You may not have heard of MESTIS, but you may have heard the guitar stylings of Javier Reyes, the other guitarist alongside Tosin Abasi in the instrumental prog metal band Animals as Leaders. MESTIS is the side project of Reyes, and Eikasia is the second album under that moniker released through Sumerian Records, and it also features Eric Moore on drums. If you are looking for a companion to the heavier Animals as Leaders releases, you’ve come to the wrong place. Eikasia is a melding of instrumental jazz, relaxed atmospheric tones, classical guitar and a touch of proggy djent, in the same vein as Reyes’ previous release, Polysemy from 2015. Reyes delivers clean, groovy guitar with a couple muted surprises. My beef with this album is not in the talent of the artist, but is the same as it is with many instrumental prog acts. Eikasia is pleasant, but lacks the dynamics necessary to give the music any weight or to make it truly engaging. (more…)

One of the most interesting aspects of progressive music is how artists choose to deliver both message and melody. I often wonder how some of my favorite artists decide to marry certain verbiage to certain note progressions. Did they fall in love with a lyric and work to find a way to deliver it within a preexisting melody? Was that melody picked to emphasize the lyric, or perhaps the other way around? For whatever reason, some of the most interesting lyrical moments occur when a string of notes are delivered within the confines of a single word, syllables be damned. With that in mind, here are 5 of my favorite one-word melodies. (more…)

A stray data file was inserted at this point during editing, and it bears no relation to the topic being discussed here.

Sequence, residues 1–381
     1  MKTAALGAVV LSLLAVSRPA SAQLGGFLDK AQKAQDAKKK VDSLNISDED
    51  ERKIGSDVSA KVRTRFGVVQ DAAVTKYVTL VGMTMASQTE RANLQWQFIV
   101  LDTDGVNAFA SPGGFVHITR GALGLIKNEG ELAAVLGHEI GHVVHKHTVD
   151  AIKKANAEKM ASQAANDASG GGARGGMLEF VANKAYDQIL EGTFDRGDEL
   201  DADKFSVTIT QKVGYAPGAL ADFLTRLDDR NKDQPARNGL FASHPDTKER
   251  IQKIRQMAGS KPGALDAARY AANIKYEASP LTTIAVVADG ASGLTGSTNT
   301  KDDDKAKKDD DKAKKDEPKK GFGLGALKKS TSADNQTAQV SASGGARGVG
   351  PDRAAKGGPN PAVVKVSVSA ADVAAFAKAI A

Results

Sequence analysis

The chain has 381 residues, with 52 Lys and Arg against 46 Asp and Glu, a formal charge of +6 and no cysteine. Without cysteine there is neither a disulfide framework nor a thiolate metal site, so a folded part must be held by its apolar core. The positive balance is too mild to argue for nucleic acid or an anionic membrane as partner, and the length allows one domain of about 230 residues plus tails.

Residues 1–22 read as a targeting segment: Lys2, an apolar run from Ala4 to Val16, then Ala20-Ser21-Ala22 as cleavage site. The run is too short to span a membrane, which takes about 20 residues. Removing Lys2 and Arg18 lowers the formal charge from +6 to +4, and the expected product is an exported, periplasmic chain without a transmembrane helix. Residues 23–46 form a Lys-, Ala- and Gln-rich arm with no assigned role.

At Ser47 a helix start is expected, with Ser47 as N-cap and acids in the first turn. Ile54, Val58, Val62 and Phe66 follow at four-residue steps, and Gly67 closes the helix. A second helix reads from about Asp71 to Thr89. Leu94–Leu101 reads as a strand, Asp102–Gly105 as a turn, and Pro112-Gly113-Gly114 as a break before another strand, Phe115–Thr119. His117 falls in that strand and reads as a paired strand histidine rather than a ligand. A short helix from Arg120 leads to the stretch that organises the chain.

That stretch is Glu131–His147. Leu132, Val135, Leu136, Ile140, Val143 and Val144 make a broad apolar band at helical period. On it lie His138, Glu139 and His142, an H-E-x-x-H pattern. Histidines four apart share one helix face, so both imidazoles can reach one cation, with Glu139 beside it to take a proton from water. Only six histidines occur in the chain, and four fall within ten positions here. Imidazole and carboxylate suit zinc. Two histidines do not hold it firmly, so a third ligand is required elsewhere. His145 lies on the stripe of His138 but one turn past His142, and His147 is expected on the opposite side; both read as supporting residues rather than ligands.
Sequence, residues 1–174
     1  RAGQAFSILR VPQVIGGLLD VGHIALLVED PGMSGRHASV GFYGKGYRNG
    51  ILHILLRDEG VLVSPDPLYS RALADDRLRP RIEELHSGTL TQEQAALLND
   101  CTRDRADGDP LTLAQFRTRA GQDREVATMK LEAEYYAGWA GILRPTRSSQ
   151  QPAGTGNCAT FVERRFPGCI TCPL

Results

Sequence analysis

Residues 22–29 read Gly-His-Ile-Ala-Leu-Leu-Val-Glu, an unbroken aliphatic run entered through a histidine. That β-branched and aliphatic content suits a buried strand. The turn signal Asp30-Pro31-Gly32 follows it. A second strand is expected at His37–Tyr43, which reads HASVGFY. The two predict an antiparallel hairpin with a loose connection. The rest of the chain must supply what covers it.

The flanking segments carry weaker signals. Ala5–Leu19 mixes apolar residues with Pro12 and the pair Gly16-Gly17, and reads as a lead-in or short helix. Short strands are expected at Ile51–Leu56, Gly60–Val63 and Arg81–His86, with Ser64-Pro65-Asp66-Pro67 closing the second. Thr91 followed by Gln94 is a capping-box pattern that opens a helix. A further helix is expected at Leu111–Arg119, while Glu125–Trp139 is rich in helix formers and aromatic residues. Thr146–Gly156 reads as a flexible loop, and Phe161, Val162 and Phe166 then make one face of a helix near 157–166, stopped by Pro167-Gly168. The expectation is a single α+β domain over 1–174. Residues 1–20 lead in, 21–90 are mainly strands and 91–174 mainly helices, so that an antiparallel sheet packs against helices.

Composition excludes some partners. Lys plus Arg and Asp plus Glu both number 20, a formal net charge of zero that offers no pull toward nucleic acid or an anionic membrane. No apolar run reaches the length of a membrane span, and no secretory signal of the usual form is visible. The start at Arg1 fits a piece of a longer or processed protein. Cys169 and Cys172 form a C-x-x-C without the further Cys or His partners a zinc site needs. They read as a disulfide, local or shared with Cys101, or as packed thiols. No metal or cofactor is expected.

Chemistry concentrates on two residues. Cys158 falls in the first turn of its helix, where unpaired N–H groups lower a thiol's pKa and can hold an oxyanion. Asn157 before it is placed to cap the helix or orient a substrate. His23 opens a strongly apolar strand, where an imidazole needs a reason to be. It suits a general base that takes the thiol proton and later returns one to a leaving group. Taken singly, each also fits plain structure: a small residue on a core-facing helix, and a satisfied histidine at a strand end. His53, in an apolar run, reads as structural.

Although one can often find profound or illuminating ideas within the lyrics of progressive metal songs, occasionally one will encounter two opposing philosophies that cannot coexist. Not all of our favorite song writers have the same perspective on every issue, and some ideas are simply mutually exclusive.

I recently noticed such incompatible truth claims with the advent of Rivers of Nihil’s Where Owls Know My Name. In 2001, Devin Townsend made a declarative statement in the lyrics of the track “Canada” off the album Terria, the opening lines of which clearly state “The road; it’s home.” Now, in an apparent direct refutation of this sentiment, RoN state “you can never call this a home,” “this” seemingly referring to “the road” for a traveling musician. As these are both respected artists within the community, it behooves me to analyse and conclude on which writer is correct. (more…)

A few weeks ago, I reviewed IV by Grayceon. Now, we have another project made up of former members from Giant Squid, and in this case, Agalloch as well. Indie band Khôrada have come out with their debut album, Salt, and it’s a lot to chew. This is a band that’s difficult to categorize. They’ve been able to cultivate a unique sound, somewhere amidst post-rock, sludge, and black metal. Like the twisted, abstract face adorning its cover-art, Salt is perhaps summed up best in one word—tortured. It is in all ways somber, but often animated, captivating, and evocative. (more…)